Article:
Track 1-02

Description

Beef production in Brazil is primarily based on tropical pastures and 85% of these pastures are Brachiaria brizantha cv. Marandu. Such a monoculture could prove disastrous if some pest or disease emerged. With the goal of further diversifying pastures and contributing to the sustainability of the pasture production system, B. brizantha cv. BRS Piatã was released by the Brazilian Agricultural Research Corporation (Embrapa). Little is known about the characteristics of this cultivar in relation to grazing management and plant-animal interactions. Dry matter (DM) intake by grazing animals is influenced by the structural characteristics of tropical grasses (Stobbs 1973, 1975), and the presence of stem and dead material at the grazing horizon limits bite depth (Carvalho et al. 2008). Under such conditions, it is common to observe a reduction in bite rate and increases in time per bite and daily grazing time (Difante et al. 2009), resulting in inefficient harvesting and lower herbage intake. The aim of this work was to estimate the DM intake by beef steers grazing Piatã palisadegrass managed at 3 grazing intensities.

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Dry Matter Intake by Beef Steers on Piatã Palisadegrass (Brachiaria brizantha cv. BRS Piatã) Pasture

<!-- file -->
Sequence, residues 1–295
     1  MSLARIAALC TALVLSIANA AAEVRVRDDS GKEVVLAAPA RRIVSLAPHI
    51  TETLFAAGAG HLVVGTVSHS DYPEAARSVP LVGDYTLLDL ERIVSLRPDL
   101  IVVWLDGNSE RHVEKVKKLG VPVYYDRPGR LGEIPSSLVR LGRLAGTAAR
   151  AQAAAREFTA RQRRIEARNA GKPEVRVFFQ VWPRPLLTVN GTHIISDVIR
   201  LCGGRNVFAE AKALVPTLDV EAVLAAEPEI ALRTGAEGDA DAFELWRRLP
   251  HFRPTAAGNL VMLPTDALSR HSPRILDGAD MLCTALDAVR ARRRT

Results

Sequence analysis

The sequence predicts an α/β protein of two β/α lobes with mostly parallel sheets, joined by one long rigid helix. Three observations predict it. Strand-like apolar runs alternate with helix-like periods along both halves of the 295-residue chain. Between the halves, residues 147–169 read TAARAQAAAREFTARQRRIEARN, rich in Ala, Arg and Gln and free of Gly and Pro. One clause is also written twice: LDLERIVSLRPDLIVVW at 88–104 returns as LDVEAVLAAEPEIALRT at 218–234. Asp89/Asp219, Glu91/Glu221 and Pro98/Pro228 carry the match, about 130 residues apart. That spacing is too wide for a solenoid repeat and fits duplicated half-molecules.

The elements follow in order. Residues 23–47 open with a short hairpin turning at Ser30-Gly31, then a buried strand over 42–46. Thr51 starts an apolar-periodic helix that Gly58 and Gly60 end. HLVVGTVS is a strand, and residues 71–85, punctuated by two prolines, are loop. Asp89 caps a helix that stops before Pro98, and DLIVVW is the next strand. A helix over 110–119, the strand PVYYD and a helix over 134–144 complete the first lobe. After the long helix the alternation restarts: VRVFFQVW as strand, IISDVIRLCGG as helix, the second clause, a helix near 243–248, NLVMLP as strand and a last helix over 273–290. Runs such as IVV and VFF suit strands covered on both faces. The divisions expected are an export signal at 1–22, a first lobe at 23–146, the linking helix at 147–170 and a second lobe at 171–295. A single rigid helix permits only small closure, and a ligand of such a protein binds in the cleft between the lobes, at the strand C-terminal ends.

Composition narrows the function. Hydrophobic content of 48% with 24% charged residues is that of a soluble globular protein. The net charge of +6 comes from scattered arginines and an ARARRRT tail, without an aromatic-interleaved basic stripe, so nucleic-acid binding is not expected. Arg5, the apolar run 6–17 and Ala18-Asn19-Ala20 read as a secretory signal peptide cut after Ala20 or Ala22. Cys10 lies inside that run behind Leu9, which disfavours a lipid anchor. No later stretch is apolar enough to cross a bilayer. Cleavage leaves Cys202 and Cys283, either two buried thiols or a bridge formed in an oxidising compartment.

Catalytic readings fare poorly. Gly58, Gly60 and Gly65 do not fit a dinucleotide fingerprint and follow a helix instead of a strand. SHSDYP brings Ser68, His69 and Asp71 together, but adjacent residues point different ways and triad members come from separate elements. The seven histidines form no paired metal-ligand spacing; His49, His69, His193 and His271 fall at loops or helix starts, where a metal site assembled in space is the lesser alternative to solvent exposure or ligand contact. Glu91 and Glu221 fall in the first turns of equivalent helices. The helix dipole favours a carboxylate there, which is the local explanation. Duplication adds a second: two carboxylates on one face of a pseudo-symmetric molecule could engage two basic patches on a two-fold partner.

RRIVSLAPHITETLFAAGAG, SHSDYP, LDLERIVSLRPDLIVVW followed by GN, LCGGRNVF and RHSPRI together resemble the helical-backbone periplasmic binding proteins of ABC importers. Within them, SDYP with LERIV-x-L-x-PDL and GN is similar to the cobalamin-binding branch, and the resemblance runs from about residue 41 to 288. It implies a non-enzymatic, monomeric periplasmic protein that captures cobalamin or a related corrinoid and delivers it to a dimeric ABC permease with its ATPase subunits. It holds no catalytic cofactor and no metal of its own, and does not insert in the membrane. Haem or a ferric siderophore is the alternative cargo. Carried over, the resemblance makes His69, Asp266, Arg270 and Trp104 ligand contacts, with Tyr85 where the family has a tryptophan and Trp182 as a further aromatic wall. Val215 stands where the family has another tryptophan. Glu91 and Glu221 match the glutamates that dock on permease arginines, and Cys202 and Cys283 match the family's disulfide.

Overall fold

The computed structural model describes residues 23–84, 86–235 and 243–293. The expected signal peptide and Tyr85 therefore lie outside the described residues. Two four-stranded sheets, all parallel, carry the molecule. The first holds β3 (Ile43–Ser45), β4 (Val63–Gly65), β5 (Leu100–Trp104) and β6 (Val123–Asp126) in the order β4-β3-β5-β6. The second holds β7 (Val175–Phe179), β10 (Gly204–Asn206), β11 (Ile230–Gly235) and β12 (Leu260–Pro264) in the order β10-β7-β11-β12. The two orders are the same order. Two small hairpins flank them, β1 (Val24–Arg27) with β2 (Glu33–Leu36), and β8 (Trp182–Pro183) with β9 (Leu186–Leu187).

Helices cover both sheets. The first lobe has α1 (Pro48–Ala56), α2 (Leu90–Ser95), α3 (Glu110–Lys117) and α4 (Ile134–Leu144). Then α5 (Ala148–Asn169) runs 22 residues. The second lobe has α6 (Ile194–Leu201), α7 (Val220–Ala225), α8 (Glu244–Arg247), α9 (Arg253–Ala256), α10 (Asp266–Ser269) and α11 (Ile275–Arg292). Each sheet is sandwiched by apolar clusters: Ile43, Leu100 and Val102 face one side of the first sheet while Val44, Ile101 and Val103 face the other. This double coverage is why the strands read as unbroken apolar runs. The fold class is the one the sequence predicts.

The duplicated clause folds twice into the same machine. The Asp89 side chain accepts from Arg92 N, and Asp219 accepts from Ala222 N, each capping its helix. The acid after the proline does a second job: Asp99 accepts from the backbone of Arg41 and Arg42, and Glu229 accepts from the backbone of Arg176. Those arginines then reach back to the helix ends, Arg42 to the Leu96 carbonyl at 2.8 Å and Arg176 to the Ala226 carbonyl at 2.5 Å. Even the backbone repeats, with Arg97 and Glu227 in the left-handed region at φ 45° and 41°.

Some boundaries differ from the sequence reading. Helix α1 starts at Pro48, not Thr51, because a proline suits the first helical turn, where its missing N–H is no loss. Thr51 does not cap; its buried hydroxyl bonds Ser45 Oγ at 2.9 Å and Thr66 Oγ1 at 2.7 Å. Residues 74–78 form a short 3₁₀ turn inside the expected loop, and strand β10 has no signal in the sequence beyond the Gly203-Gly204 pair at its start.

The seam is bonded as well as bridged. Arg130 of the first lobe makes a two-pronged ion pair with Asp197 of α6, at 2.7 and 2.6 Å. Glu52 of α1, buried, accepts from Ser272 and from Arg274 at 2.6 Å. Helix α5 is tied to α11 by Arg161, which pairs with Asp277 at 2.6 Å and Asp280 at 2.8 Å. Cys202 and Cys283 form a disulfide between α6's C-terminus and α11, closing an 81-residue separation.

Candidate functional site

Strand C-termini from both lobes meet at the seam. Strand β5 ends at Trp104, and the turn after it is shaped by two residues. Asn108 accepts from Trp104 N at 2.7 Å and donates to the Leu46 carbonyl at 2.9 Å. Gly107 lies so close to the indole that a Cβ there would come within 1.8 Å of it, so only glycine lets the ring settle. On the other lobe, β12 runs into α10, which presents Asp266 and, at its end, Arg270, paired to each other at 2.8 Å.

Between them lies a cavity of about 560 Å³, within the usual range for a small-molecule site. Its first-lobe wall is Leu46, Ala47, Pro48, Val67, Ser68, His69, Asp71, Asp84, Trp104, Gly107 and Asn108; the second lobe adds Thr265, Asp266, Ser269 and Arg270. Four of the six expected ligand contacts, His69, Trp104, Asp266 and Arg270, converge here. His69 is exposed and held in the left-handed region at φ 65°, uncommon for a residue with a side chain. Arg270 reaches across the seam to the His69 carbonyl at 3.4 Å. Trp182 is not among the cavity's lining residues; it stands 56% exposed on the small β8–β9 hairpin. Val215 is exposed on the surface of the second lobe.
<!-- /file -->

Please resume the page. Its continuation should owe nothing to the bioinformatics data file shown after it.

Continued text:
Beef production in Brazil is primarily based on tropical pastures and 85% of these pastures are Brachiaria brizantha cv. Marandu. Such a monoculture could prove disastrous if some pest or disease emerged. With the goal of further diversifying pastures and contributing to the sustainability of the pasture production system, B. brizantha cv. BRS Piatã was released by the Brazilian Agricultural Research Corporation (Embrapa). Little is known about the characteristics of this cultivar in relation to grazing management and plant-animal interactions. Dry matter (DM) intake by grazing animals is influenced by the structural characteristics of tropical grasses (Stobbs 1973, 1975), and the presence of stem and dead material at the grazing horizon limits bite depth (Carvalho et al. 2008). Under such conditions, it is common to observe a reduction in bite rate and increases in time per bite and daily grazing time (Difante et al. 2009), resulting in inefficient harvesting and lower herbage intake. The aim of this work was to estimate the DM intake by beef steers grazing Piatã palisadegrass managed at 3 grazing intensities.